If you want to make something irresistible to teenagers, portray it as a forbidden fruit. That is what has happened in the U.S. with e-cigarettes. As I and others have documented, youth experimentation with nicotine vapor products was relatively rare until anti-tobacco advocates and the news media launched a publicity offensive about the youth vaping “epidemic.”
Predictably, as more teens believed all their friends were vaping, more became curious about this thing their parents, teachers, and other authority figures seemed so worried about. If we don’t want the same thing to happen with heated tobacco products, journalists, activists, and health authorities must use extreme caution to avoid starting yet another unwarranted and likely-to-backfire moral panic.
Most Americans have probably never heard of heated tobacco products (HTP) because the U.S. the Food and Drug Administration (FDA) has only approved one such product for sale in the U.S., the IQOS, manufactured by Philip Morris International. Because the majority of the harm caused by smoking comes from combustion or the burning of tobacco and paper, the evidence indicates that HTPs, like other non-combustible products (such as e-cigarettes and snus), may offer smokers a way to get the nicotine they enjoy with vastly less risk. The FDA seems to agree, giving IQOS a greenlight since June 2020 to be sold and marketed as a “modified risk tobacco product.”
Outside of the U.S., HTP seem to be having the hoped-for effect of getting smokers to switch to a less harmful option. In Japan, for example, where HTPs have been sold since 2016, there has been a remarkable decline in cigarette purchases; nearly a 43 percent drop in sales in just five years. But those who want the world to be completely smoke- and nicotine-free are now taking aim at these products. And, as prohibitionists usually do, they are trying to drum up a panic by exploiting concerns about children.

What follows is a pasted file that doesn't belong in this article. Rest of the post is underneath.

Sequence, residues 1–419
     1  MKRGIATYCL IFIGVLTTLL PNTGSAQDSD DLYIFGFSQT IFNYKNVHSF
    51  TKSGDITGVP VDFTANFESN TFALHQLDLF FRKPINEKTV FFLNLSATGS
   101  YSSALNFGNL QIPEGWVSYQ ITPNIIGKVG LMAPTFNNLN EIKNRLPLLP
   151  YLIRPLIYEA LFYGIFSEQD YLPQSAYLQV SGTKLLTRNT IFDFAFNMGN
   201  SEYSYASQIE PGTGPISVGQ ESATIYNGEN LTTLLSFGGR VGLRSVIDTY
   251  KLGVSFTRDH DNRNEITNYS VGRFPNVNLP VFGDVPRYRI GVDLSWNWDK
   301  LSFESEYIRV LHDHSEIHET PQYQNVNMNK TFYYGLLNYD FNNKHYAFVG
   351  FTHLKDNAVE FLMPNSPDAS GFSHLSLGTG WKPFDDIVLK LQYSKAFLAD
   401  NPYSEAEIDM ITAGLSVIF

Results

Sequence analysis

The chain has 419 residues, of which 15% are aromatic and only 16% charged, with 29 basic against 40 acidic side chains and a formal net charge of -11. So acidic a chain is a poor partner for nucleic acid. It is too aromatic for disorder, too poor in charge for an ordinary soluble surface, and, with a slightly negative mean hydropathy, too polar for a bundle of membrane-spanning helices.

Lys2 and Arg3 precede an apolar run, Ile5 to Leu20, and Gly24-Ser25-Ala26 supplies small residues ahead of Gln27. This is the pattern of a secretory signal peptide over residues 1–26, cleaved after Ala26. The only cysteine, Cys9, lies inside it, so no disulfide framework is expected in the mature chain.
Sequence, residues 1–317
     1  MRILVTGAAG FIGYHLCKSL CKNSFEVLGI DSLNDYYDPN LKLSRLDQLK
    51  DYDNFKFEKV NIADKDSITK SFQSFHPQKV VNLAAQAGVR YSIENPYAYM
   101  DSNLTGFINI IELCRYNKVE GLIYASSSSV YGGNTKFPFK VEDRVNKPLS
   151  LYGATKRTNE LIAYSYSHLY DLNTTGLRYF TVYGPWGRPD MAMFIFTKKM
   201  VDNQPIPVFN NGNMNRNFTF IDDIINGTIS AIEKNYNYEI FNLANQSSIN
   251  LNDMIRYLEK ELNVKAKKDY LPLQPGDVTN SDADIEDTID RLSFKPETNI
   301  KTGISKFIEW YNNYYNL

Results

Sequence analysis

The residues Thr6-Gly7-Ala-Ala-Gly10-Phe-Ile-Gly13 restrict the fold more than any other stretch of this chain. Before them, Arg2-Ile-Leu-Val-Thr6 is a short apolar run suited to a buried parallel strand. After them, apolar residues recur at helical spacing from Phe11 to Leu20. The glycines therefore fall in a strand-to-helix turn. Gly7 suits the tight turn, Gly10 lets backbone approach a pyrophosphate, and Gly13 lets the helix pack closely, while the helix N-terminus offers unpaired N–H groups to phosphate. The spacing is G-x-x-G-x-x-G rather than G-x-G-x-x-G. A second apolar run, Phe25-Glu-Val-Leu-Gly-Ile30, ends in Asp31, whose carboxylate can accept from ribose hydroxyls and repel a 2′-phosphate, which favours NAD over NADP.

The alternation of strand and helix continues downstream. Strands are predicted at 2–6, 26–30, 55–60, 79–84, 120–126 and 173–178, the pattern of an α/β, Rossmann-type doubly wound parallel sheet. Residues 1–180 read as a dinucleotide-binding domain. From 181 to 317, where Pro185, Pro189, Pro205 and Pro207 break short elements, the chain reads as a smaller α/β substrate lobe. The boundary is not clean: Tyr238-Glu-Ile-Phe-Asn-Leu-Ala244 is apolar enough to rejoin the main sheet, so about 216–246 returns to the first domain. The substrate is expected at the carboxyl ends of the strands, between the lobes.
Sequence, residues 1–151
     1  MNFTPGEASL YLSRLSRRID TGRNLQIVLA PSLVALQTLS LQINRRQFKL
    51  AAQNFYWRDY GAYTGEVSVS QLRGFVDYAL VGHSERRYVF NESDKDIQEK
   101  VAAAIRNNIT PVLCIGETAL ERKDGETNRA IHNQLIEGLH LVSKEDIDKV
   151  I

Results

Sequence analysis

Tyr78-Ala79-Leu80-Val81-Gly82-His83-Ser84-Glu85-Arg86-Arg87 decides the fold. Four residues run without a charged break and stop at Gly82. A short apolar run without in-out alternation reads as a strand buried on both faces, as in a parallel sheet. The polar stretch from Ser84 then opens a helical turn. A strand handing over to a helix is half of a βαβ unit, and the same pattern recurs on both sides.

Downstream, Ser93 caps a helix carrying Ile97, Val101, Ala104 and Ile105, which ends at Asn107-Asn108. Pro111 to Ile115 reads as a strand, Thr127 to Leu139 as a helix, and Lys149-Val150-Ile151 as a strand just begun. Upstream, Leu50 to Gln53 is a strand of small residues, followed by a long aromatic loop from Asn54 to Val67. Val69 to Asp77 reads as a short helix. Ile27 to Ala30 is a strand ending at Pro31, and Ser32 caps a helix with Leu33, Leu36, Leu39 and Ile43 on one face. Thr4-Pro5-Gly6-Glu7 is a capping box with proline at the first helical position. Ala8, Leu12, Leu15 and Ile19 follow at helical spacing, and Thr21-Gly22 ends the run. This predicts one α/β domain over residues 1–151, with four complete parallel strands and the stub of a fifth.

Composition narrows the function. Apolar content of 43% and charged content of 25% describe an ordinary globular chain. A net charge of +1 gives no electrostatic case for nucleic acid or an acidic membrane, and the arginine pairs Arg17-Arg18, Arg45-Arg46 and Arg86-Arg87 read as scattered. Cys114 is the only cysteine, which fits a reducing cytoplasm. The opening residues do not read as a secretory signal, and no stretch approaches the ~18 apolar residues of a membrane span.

According to a recent story by ABC News, heated tobacco is just the latest ploy by tobacco companies to “hook” the next generation on nicotine. But the article’s author admits that use of HTP by youth is exceedingly low. As she notes, a recent study of survey data found that among 10th and 12th grade students in California less than 1 percent reported ever using HTPs. In fact, according to the study cited in the story, that number is closer to 0.7 percent of youth who reported ever using an HTP. Even assuming those who responded to the survey understood the question and answered accurately, such low numbers wouldn’t seem worthy of a news story, let alone one so alarming.
But even if the number of youths using HTPs is small, the article focused on the concerning fact that just under 9 percent of those surveyed students reported hearing of HTPs. And generating that concern seems to be the purpose of the study and the news article about it. “Our goal was to raise the alarm,” one of the study’s authors told ABC News;“we fear this might be like the new e-cigarettes.” If these researchers create an unwarranted public panic and cause news media to run an endless stream of headlines about youth HTP use, this very likely will play out exactly the same way as the so-called youth vaping “epidemic.”
In the U.S., most youth use of e-cigarettes has been and remains experimental. A vanishingly small number, 0.4 percent, of adolescents who never smoked regularly use nicotine vapor products. Prior to 2017 these numbers were declining, but when the FDA declared youth vaping an “epidemic,” and an avalanche of news reporting followed, youth experimentation with vaping spiked dramatically. The reason is simple. As the youth in these surveys themselves admit, the thing that convinced them to try vaping was “curiosity.” And that curiosity was generated by activists and media relentlessly warning the public about youth vaping.
In places where the government and media focus their communications on vaping’s ability to help adult smokers quit, there has not been a similar surge in youth experimentation. Even here in the U.S., when the focus of media and health authorities refocused on the COVID-19 pandemic, youth vaping suddenly went down. That was not because of lockdowns limiting youth access, as their use of other controlled substances, like alcohol and cannabis, remained stable.
It should be obvious that youth don’t respond to alarm as we might hope. To the contrary, the more attention we devote to discussing what kids shouldn’t be doing, the more likely they will be to do exactly that. The use of HTP by adolescents should certainly be monitored, but if anti-tobacco researchers and activists, the media, and the government truly wish to avoid an “epidemic” of heated tobacco use by youth, they ought to do everything in their power to avoid creating a public panic about it. That will only result in yet another self-fulfilling prophecy.